From prison to post-release, CDCR providing tools for success
By OPEC Staff
Illustrating the state’s commitment to preparing inmates for transitions back to their families and communities, the California Institution for Women (CIW) recently hosted a Providers Fair in which community organizations educated female inmates about services available to help them succeed.
Organized jointly by the Division of Adult Parole Operations’ (DAPO) Annette Foster, Parole Agent III, Southern Region Parole Unit, and the Division of Rehabilitative Programs’ Regina Banks, Staff Services Manager II, Employment Development Unit, Office of Offender Services, the event was the second of its kind held at CIW. Over 20 community providers were on hand at the event to present an overview of their programs and services to an audience of 204 female inmates.
The first Provider Fair at CIW took place in November 2014 and it was Foster who reached out to CIW to make it happen.
“I wanted to bridge the gap and start a conversation for a seamless transition for the inmates,” Foster said. “The inmates are leaving a structured environment inside the institution and going to an unstructured environment in the community. My goal and personal mission is to ensure that the criminogenic needs are met as early as possible and to empower the inmates by providing information that will assist them when released and [make sure] every inmate is transported from the institution to a program to increase success on parole and reduce recidivism.”
Provider Fairs help fulfill this need. With Provider Fairs, community programs are invited to come onto prison grounds to educate the inmates about services they provide. This helps to engage the women while they are still in prison so they are ready to transition when they parole.
“The importance of Provider Fairs at the institutions is to educate the general population of resources that are available to them, so that they start planning for the future,” said Foster. “Each program is given an opportunity to present to the inmate audience at large, and then after, inmates are able to visit with each of the programs they are interested in to ask questions and speak with the providers one-on-one.”
Foster underscores the importance of this one-on-one time with providers while inmates are still in prison because when they finally parole, they have already had the time to think about their next steps and what they want to do when they come home to be successful.
“My goal [is] to address the criminogenic needs early and to start conversations while in prison,” she said. “The key is to think outside the box, recognize the need and take responsibility to fill that need. Women have less resources and additional needs than male inmates; they have different needs to be addressed.”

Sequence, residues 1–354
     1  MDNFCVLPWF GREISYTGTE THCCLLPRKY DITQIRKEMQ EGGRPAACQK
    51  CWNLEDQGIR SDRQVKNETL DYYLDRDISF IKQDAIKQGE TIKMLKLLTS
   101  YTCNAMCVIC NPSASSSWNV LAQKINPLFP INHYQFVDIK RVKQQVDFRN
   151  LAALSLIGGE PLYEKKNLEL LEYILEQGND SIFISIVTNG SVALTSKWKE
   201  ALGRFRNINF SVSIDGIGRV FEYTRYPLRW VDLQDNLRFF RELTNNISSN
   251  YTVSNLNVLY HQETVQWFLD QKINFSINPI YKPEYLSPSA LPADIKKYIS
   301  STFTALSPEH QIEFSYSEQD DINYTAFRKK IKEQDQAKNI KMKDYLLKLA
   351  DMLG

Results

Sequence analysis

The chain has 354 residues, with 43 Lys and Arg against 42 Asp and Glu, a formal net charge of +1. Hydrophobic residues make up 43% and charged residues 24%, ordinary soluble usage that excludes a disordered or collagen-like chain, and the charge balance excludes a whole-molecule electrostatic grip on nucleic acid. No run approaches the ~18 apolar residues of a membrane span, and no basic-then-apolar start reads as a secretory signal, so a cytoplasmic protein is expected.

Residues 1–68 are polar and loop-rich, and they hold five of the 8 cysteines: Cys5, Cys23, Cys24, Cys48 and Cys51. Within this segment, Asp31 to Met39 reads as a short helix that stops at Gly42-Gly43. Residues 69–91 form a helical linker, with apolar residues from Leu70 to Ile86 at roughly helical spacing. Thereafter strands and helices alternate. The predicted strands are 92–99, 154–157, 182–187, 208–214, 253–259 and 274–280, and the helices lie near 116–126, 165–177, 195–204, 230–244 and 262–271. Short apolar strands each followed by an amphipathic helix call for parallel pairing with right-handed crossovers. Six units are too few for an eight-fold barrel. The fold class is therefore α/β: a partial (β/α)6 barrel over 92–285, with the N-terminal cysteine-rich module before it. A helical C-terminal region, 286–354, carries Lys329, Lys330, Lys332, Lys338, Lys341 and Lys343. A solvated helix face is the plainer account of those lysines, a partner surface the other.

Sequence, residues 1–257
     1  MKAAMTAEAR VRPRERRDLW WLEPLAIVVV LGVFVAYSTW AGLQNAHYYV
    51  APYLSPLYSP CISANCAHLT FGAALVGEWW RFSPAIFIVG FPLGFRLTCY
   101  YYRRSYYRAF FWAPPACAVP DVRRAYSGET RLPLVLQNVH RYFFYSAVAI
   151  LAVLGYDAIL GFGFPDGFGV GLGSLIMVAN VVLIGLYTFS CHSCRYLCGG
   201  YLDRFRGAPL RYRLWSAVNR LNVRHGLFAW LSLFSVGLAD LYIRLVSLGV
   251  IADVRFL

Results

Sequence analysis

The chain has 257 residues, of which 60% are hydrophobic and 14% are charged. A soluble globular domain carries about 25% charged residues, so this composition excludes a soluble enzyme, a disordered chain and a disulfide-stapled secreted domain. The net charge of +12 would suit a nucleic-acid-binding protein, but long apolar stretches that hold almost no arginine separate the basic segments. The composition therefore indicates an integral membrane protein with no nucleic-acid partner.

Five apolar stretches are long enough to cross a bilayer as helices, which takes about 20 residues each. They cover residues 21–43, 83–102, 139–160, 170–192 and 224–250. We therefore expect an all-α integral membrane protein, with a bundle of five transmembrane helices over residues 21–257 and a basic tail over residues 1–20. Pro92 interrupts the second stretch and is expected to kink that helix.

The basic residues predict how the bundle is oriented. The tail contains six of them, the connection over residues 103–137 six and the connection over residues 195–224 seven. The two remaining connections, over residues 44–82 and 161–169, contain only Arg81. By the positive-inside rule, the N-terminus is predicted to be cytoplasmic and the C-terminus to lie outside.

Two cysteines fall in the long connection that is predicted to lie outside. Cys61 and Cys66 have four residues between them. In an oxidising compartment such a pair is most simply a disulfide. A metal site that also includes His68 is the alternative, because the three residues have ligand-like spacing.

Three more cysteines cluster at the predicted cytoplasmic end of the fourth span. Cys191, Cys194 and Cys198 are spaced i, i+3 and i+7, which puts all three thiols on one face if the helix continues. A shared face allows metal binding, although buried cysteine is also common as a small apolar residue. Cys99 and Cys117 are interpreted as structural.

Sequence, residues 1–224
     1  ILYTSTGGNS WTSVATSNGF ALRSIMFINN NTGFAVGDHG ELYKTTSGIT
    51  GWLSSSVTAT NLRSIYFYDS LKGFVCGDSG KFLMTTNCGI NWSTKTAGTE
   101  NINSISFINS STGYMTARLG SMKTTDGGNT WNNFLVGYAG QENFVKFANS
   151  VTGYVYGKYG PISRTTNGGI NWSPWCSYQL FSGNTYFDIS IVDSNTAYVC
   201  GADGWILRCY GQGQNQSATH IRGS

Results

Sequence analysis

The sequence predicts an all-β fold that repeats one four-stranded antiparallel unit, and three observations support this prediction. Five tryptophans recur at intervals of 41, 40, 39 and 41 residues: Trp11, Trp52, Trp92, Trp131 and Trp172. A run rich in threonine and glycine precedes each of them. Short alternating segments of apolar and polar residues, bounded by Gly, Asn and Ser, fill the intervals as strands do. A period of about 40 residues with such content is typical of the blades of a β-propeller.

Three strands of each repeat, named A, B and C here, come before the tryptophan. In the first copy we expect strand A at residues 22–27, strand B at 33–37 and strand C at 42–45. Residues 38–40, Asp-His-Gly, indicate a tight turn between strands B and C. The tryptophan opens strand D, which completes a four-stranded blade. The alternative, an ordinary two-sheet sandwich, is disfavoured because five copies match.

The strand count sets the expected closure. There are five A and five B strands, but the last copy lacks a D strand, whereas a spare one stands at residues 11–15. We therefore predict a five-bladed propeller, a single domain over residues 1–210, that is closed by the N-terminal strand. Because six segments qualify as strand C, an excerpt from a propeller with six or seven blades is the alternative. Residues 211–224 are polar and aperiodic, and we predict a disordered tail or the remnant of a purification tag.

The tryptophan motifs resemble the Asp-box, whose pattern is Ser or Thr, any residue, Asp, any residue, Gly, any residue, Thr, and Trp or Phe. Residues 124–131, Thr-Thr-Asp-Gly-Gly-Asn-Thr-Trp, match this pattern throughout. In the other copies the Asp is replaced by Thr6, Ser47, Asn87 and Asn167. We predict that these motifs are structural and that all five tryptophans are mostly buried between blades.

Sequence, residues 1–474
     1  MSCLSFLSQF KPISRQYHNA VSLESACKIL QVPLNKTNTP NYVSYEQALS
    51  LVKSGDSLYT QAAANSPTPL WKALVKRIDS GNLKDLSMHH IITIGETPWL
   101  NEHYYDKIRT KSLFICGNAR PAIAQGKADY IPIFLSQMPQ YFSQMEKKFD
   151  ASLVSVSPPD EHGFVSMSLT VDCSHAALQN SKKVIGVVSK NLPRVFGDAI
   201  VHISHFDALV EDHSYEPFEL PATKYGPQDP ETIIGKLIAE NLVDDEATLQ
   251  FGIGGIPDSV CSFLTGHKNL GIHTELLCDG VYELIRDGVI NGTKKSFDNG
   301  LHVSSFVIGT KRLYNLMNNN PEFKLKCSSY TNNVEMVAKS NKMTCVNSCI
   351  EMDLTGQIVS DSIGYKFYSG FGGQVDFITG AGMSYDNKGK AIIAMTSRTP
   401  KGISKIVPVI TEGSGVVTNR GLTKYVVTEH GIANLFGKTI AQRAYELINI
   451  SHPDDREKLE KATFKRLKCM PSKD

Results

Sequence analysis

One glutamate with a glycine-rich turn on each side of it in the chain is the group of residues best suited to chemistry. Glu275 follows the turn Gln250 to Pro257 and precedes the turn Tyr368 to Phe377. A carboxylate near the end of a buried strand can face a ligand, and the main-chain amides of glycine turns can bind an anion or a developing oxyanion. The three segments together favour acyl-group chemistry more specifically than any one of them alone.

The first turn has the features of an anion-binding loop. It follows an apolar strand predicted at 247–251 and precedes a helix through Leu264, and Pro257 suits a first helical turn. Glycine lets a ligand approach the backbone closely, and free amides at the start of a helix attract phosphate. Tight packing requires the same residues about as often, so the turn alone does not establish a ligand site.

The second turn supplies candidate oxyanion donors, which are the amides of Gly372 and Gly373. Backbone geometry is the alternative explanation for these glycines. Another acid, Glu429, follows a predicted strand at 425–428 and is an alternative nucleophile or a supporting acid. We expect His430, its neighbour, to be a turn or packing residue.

Because the November 2014 fair elicited such positive responses from the female inmates, at their request, CIW staff is planning to host quarterly Provider Fairs on prison grounds.
The second Provider in May 2015 hosted community providers such as:
- National Crossroads Parole Service from San Diego
- Health Right 360, FOTEP, from El Monte
- Phoenix House from Santa Ana
- Time for Change from San Bernardino
- Santa Ana Day Reporting Center
- and many others
Representatives from county probation offices, the Orange County District Attorney’s Office and Social Security Administration were on hand as resources for the inmates as well.
Joyce Bean, Associate Warden for Health Care Operations and Special Programs at CIW, said she is pleased with the results of the first two Provider Fairs.
“(The first fair) was such a success that the inmates requested we have it again. Warden Kimberly Hughes has designated this event to be quarterly,” she said.
CIW continues to respond to the inmates’ interest and is doing what it can to continue increasing and enhancing opportunities for them to learn what help is available to them when they parole. It’s a responsibility that they take to with pride and in earnest.
“In order for these female offenders to be successful with their reintegration back into society, we have to prepare them and keep them abreast as to the resources that are available to them,” said Bean.
Because Provider Fairs have had positive reception from the inmates at California’s institutions, CDCR has responded accordingly: Since Jan. 1, 2015, CDCR has hosted seven Provider Fairs at institutions, with an additional 20 scheduled between now and the end of the calendar year. Banks lauds the inmates for their readiness and says the Department will continue having Provider Fairs to help women be successful.
“There is a number of our population who want to stop the revolving door of recidivism and are making the choice to successfully reintegrate and become productive member of society. With the ‘today’s inmate being tomorrow’s neighbor’ concept, the Provider Fairs bring the support and services to our inmate population in time to make the transition and decision-making process to commit to programming much easier,” said Banks.